Barrett Ruud had a distinct advantage the last two seasons with the opportunity of playing behind veteran middle linebacker Shelton Quarles. Quarles took Ruud under his wing during 2005 and 2006 and showed him everything from how to play the middle linebacker position to how to live off the field as an NFL player. Those lessons did not go unnoticed by Ruud, who now gets his shot as a starter at middle linebacker in the Bucs defense.
Ruud has racked up a total of 66 tackles in the past two seasons, starting five of the 32 games he has suited up for the Bucs. Ruud’s main objective the last two seasons has been to not make a mistake during his limited playing time backing up Quarles. He normally made a routine check to the sidelines to see if he was staying in or coming out. He doesn’t have to do that anymore.
“I actually feel a lot more comfortable. I think the thing last year was I was always in a mindset to not screw things up,” Ruud said. “You are in here, but you are not in here all the time. You are in here to make sure this defense keeps running, but don’t screw anything up, where as now you are more relaxed — it’s just go play. You are going to make some mistakes, but you aren’t looking over your shoulder to when you are going back. It’s just go out and make plays and not worry about the consequences. Just relax and play normal instead of worrying about, ‘Don’t give up the big play.’”
Ruud got a chance to catch up with Quarles when he made an appearance out at Bucs training camp on Sunday. There was little advice given by the teacher to the student, but more of a how-are-things-going type of conversation.
“He wasn’t really giving me advice, he was just asking me how things were going,” Ruud said of Quarles. “I did hear him, he kept asking what is the call here or the call there so he was still kind of into it himself, but we were just kind of talking about anything and everything.”
Ruud doesn’t set goals to achieve for himself during the season, but just looks to improve his play on a day-to-day basis. Ruud will have to step up this season and fill the void in the middle that was left by Quarles and prove he was worth a second-round pick in 2005. He admits that he learned a lot from Quarles and is much more comfortable with the speed of the game and being the conductor of the Bucs defense.
“Honestly, I felt really comfortable all of last year, but starting the first game was a little bit different playing a whole game,” Ruud said. “I felt pretty good and pretty comfortable, but it’s more of a comfort level now and it’s my job as opposed to just kind of filling in for a little bit. Shelton would come out and I would come in for two or three plays. Then I would be looking over at the sideline, but it’s just a bit more comfortable for me now.”
GRUDEN HAS LITTLE TO SAY
Buccaneers head coach Jon Gruden held a short interview after the morning practice on Monday because he had lost his voice.
Gruden, who is known for screaming quite frequently, was hoarse for the majority of the morning practice, but could still be heard calling out plays. Gruden normally loses his voice at some point during training camp every season and occasionally during the season.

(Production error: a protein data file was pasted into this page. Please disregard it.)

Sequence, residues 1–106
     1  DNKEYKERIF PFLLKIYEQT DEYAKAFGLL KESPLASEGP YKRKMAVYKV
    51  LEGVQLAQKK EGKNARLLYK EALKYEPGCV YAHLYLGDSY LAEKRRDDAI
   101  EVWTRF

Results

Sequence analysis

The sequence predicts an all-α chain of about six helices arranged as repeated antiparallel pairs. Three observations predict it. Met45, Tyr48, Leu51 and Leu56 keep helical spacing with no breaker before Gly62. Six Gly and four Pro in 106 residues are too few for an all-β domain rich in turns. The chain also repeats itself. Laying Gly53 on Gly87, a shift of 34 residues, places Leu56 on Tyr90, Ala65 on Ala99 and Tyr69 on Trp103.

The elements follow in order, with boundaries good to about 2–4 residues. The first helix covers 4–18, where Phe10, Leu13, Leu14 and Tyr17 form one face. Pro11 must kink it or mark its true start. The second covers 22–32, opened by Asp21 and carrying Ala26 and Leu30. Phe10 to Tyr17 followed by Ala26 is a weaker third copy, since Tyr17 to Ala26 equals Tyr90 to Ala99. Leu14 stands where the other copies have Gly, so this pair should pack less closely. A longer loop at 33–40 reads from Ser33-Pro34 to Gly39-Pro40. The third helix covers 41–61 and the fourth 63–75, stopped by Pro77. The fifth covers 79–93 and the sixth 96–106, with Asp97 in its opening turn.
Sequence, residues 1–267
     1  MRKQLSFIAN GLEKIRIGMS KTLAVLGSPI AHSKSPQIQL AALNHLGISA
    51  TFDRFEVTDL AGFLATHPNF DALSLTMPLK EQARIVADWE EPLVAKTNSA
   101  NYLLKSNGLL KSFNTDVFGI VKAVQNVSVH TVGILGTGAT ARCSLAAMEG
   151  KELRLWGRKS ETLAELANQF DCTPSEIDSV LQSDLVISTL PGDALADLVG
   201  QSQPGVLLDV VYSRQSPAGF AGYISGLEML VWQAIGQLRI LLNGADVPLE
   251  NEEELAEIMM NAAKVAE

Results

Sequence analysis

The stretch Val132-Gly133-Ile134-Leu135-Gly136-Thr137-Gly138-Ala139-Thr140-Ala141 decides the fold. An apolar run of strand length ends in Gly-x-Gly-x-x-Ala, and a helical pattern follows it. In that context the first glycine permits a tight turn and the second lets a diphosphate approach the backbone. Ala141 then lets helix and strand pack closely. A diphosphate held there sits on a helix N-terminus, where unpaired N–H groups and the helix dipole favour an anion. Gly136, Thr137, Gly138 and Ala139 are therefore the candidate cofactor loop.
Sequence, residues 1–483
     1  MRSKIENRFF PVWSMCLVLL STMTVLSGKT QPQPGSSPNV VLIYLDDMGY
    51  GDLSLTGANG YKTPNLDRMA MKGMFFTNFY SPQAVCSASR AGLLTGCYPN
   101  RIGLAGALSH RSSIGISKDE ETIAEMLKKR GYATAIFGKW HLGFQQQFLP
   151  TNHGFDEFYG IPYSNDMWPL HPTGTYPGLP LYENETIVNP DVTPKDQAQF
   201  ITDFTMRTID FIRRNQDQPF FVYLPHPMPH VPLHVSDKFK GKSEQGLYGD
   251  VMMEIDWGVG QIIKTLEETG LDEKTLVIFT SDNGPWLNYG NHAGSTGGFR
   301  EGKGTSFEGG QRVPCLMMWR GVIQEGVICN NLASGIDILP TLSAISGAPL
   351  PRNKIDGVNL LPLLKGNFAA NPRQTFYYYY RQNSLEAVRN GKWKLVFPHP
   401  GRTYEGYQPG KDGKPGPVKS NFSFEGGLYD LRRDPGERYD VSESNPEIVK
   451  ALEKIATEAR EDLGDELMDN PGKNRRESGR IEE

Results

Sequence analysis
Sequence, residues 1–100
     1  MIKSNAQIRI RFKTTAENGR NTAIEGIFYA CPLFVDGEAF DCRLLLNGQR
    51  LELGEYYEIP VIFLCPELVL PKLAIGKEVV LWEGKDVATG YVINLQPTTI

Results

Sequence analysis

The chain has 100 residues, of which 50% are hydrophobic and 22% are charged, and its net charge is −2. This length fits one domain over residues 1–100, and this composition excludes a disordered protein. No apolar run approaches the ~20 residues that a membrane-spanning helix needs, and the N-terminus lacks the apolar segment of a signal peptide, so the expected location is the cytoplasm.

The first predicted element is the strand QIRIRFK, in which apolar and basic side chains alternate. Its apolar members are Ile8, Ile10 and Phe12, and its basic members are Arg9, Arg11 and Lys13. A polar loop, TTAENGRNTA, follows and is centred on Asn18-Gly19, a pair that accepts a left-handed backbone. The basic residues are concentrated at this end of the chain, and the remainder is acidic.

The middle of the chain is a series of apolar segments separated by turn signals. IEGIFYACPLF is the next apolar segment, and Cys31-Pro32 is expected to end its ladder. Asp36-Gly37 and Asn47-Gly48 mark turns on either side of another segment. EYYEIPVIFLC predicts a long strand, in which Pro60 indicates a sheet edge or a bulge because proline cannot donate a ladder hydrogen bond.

Gruden was apologetic about his voice to the contingency of media that covers the Bucs regularly.
“Sorry about my voice, guys,” Gruden said.
STOVALL LEAVES PRACTICE EARLY
Second-year wide receiver Maurice Stovall was seen leaving the field early before the morning practice had concluded. Stovall was battling some dehydration on this the fourth day of practice at training camp. Stovall was taken inside and administered an I.V. to get some fluids during an extremely hot day in Orlando.
However, Stovall returned to the practice field as the Bucs were wrapping up some special teams drills after practice had been concluded. Stovall and Michael Clayton have been taking some extra reps catching the ball after practice.
“He just had to get an I.V., nothing serious,” Gruden said. “He just ran out of some fluids today.”
AFTERNOON PRACTICE CANCELLED
Tampa Bay was scheduled to conduct a special teams practice on Monday afternoon, but it was cancelled due to inclement weather.
The Bucs are scheduled to hold two practices on Tuesday.
There were a couple of players that seemed to be a little banged up during the morning practice. Nose tackle Ryan Sims was seen hobbling after a play during the drills that pit the offensive and defensive lines against each other. Sims was seen walking off the field with a noticeable limp before the drill was concluded.
Tight end Anthony Becht seemed a little dazed during an 11-on-11 drill and was holding a towel to cover his face after he was poked in the eye by a defensive player.
BUCS SINGLE-GAME TICKETS GO ON SALE AUG. 4
The Bucs still have a limited number of tickets for each of Tampa Bay’s eight regular season home games will go on sale at 10:00 a.m. on Saturday, Aug. 4.
Tickets are limited to six per person per game.
Tickets will only be sold through TicketMaster outlets, TicketMaster via telephone and the Internet. Tickets will not be sold at the Buccaneers Ticket Office or Raymond James Stadium.
To order tickets online, fans may visit www.ticketmaster.com. To order by phone, fans should call TicketMaster “Charge-by-phone” at the following numbers.
Tampa (Hillsborough): (813) 287-8844
St. Petersburg (Pinellas): (727) 898-2100
Central Florida: (407) 839-3900
Lakeland: (863) 682-5300
Fort Myers: (239) 334-3309
Although season tickets for Tampa Bay’s 2007 season are sold out, fans can be placed on the Bucs season ticket waiting list by calling (813) 879-2827.
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